A few months ago we posted about the Tesla Takeover currently facing the transportation industry. With their latest vehicle, Tesla Semi, expected to be revealed later this month, we figured that the high tech automotive company and the electric trucks segment are worth revisiting. While Elon Musk has garnered much of the media attention, Tesla will face no shortage in competitors when they do come to market. Mercedes Benz, Nikola, and Cummins have each demonstrated that they expect to be a major presence in the industry in the years to come. As the future of trucking unfolds, there a few topics regarding electric trucks worth considering.
Electric Trucks: Where are we now?
While product reveals have already begun, mass production and use of electric trucks in the transportation industry may not necessarily be as soon as many people expect. For example, Tesla’s September 28th reveal may predate any scale production by as much as two years. Although this clearly indicates that things are unlikely to change drastically overnight, the industry will likely see moderate levels of transition in the meantime. Mercedez Benz has been testing their model in Germany since April, 2016. At this point, it has been proven that electric trucks will be a viable option in the near future. Generally speaking, though we won’t see our roads overrun by electric trucks in the immediate future, their adoption will gradually occur over the next few years.
In short, electric trucks are cost efficient. The technology will be full of other advantages as well such as advanced safety features. The trucks will surely incorporate some degree of automated (or at least assisted) driving. More information on the degree of automation is likely to come in the near future. However, the benefit of electric trucking that will most rapidly drive carriers to transition their fleets is the saving associated with less reliance on traditional fuel. As companies recognize the financial incentives of electric trucking, the short-term investment needed to shift their fleet will make a lot more sense.
The major questions that have yet to be answered regarding electric trucks involve two interrelated topics: range and charging. While electric vehicles have been proven viable in the consumer market with ranges of 200-300 miles, commercial vehicles require another kind of power entirely. The batteries that would be needed to power a commercial vehicle over a similar distance are likely to be very heavy. Heavier trucks are typically not the most efficient trucks. That said, those leading the charge of electric trucking have expressed nothing but confidence regarding the range of their vehicles. Additionally, the availability of charging stations remains uncertain. The current network of options will surely need to be expanded upon for this to be a viable vehicle for long-haul trucking.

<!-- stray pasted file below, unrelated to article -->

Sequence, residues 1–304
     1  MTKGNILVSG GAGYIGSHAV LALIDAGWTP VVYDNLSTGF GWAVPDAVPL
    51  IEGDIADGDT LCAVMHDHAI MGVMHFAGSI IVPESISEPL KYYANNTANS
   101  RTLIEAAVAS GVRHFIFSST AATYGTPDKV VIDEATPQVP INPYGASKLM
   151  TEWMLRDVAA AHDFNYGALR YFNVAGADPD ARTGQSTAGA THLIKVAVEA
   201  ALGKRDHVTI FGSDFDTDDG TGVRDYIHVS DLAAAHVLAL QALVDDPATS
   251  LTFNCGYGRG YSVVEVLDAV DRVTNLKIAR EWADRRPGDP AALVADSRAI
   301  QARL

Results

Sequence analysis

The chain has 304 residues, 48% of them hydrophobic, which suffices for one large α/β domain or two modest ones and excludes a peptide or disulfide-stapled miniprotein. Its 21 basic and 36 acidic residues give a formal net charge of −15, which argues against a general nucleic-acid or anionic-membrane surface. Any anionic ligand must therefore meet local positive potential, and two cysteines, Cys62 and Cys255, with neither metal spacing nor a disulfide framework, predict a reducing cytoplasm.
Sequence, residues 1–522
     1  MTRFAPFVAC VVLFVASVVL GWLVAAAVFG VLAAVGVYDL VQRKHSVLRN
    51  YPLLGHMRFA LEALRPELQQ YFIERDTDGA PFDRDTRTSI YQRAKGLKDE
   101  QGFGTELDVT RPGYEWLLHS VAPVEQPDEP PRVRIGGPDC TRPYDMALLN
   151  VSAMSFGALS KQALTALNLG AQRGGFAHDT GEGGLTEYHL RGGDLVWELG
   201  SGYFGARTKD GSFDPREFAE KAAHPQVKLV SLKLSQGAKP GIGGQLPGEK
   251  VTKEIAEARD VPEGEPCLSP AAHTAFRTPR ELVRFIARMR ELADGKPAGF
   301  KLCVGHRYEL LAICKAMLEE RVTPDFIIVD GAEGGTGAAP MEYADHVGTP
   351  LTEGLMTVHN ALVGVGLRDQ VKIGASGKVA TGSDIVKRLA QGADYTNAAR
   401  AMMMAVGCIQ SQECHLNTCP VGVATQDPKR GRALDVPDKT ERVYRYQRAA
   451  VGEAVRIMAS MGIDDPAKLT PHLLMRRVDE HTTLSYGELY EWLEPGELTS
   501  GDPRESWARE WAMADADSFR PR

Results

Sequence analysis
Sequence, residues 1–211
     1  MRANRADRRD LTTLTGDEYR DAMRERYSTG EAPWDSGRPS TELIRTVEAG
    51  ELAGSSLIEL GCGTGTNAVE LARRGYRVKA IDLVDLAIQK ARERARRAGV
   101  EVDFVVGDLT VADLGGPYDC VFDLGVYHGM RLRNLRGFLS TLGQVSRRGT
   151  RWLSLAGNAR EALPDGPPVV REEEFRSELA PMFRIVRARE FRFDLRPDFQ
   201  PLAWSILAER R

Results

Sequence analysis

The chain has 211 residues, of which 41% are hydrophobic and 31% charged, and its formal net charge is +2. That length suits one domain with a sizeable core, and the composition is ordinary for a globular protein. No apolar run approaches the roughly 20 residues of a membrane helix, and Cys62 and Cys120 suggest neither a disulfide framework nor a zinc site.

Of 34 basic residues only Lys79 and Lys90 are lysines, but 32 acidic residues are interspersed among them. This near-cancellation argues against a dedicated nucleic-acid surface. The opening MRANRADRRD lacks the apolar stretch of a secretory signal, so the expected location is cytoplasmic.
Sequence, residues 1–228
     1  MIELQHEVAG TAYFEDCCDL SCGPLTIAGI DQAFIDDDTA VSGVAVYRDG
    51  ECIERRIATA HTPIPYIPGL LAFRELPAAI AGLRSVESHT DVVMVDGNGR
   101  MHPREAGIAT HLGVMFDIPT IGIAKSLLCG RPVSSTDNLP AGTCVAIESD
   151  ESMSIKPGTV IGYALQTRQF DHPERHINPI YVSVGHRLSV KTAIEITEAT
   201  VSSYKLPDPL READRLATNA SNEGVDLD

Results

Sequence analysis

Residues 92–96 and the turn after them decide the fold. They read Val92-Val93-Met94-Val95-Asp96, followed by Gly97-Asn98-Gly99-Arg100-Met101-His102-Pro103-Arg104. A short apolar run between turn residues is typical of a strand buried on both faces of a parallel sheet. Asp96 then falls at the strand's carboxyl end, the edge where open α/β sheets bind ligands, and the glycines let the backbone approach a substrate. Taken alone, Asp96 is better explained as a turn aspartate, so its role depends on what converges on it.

As these vehicles become available for purchase in the coming years there will be two factors (beyond the quality of the vehicle, of course) that will likely determine which company claims the most market share. The first factor is timing. Given the high profile nature of the development of electric trucks, being first to market will prove extraordinarily beneficial. Transport companies looking to optimize their processes will be forced to seriously consider electric trucks as soon as they become widely available. Cummins revealed their version roughly one month prior to Tesla. However, the real race will be to see who can scale production first. The second factor, of course, is the price point that each company enters the market at. With little clear about how any of these companies plan to price their trucks, it will be interesting to see who is able to create a product at the most competitive price. Will Tesla fall into their history of high-end vehicles or follow the path they have charted with the more affordable Model 3? Will Cummins’ history in the industry allow them to find the right formula? With so much uncertain, electric trucks are certainly a topic to keep an eye on in the coming months.